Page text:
This week a friend in the media asked me to reflect on Justice Antonin Scalia’s environmental law legacy. The resulting article includes a summary of my comments, and I offer some additional thoughts below.
The late Justice’s philosophy of strict statutory (and Constitutional) interpretation had broad implications for the implementation of a variety of environmental laws. In video interviews that were broadly disseminated after news of his death, Scalia said that he really didn’t view cases before the Supreme Court addressing environmental laws as particularly challenging or complex. He professed not to worry or care about the policy issues in a specific case; rather, he did what he normally did – read the pertinent statute and tried to figure out what Congress meant based on the plain meaning of the words.
In some interviews, Scalia actually apologized to his audience for making what they had hoped would be a more interesting explication of his views on climate change, well, boring. He said that his focus on the text made even these issues “pretty dull stuff.” But with a glint in his eye, he said, “I like it,” and you could tell by his expression and smile that he truly meant that.
The question that persists in my mind is whether Justice Scalia’s extremely consistent (but never really boring) judicial philosophy actually led to fair or reasonable conclusions over challenges to a variety of environmental legal issues. It’s a tough question.
Environmental statutes have grown in their length and complexity over time. NEPA, the grandfather of all environmental laws, comes in at a whopping six pages. Amendments to the Clean Air Act in 1990? Well, let’s say it’s a lot more than six pages.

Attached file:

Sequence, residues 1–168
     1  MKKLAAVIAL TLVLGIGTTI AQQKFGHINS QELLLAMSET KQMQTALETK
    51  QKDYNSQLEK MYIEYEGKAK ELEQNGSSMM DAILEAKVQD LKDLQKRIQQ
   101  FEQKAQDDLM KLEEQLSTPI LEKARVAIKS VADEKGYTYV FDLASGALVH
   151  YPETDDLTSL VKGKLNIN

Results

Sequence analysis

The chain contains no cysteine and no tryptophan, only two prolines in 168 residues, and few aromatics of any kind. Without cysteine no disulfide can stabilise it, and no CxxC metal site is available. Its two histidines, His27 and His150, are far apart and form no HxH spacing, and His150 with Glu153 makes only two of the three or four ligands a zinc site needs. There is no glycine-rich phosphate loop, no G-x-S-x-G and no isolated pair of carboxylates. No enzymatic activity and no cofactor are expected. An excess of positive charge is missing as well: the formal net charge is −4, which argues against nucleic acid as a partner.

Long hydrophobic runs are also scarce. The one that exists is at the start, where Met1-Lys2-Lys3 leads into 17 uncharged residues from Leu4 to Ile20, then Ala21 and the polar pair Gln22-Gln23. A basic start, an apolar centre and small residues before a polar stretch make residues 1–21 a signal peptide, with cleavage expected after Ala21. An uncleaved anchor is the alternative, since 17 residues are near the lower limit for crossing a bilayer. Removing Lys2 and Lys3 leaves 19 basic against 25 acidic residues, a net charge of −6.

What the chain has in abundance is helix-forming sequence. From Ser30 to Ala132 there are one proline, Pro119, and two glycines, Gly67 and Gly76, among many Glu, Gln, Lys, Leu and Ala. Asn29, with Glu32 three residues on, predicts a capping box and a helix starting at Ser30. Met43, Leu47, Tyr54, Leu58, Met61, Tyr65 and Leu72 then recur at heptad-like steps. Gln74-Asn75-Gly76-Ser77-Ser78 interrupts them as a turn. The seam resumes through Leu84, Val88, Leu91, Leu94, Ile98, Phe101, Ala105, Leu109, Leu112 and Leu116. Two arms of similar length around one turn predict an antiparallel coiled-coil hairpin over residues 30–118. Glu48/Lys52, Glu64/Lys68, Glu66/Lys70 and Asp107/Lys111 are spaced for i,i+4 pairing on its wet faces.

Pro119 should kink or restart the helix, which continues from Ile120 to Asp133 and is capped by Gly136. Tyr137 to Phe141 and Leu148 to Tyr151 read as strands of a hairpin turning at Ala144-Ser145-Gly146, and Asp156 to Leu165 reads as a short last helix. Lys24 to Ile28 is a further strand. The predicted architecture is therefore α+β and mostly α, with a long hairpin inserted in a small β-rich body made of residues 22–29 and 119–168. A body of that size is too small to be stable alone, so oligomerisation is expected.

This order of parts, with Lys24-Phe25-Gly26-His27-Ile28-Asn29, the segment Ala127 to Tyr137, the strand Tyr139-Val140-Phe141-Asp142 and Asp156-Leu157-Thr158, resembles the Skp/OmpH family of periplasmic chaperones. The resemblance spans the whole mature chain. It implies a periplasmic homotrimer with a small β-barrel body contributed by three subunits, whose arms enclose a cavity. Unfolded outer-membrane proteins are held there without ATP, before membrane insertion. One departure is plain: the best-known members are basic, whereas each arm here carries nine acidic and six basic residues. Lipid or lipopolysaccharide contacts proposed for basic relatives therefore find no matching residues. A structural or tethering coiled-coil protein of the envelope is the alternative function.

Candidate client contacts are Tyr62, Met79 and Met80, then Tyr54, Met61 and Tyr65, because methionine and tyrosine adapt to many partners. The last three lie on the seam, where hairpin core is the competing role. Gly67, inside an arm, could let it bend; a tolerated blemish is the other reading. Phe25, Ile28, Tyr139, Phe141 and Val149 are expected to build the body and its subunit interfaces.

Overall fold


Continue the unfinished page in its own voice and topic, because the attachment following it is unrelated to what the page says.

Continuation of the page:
Divining congressional intent from the more recent catalogue of laws seems to me more of a challenge than an “originalist” interpretation can provide. Most of our modern environmental statutes are messy, reflecting even more than the usual hodge-podge of “intent” sprinkled into law by proponents and opponents of a particular issue. Trying to determine what authority Congress meant to give EPA with respect to, say, cost-benefit analyses of certain air regulations, will necessarily reveal contradictions. That’s to be expected when more than a handful of the members voting on a bill really seem intent on eliminating the EPA!
If, as Justice Scalia suggested, environmental laws are no different than any other category of laws addressing a wide range of complex socio-economic issues, reliance on statutory language presumes a clarity of thought and intent that I fear is most usually missing in laws of any consequence. Sure, NEPA may be a model of legislative restraint, with an elegance and simplicity of a bygone era when the goals like preserving our fragile environmental somehow weren’t so controversial (for those interested in a trip to that bygone era, one of the founders of my firm, Henry Diamond, recently contributed a wonderful article to the Environmental Law Institute Forum on the watershed 1965 White House Conference on Natural Beauty and its role in spawning many of the environmental laws we have today and what lessons we can take from its example). But for every NEPA, there are dozens of other statutes born from a simple legislative goal – ensure clean air and water for future generations – but which cannot be implemented without making countless, difficult administrative policy choices and decisions.
If all we have to judge the propriety of an agency’s actions are the words of these sometimes incoherent and often times contradictory statutes, I fear we have set the bar too high for our current legislative branch.
Justice Scalia should be rightly honored for his integrity, adherence to the rule of law, his passion for a school of thought that has grown as a result of his leadership, and for being a well-loved and decent colleague on the Court for three decades. In the realm of environmental law, whoever takes his place should perhaps recognize that decisions weighing the government’s actions aimed at conserving and enhancing the world around us deserve a more fulsome consideration of the fundamental policy goals underlying the plain words of our statutes.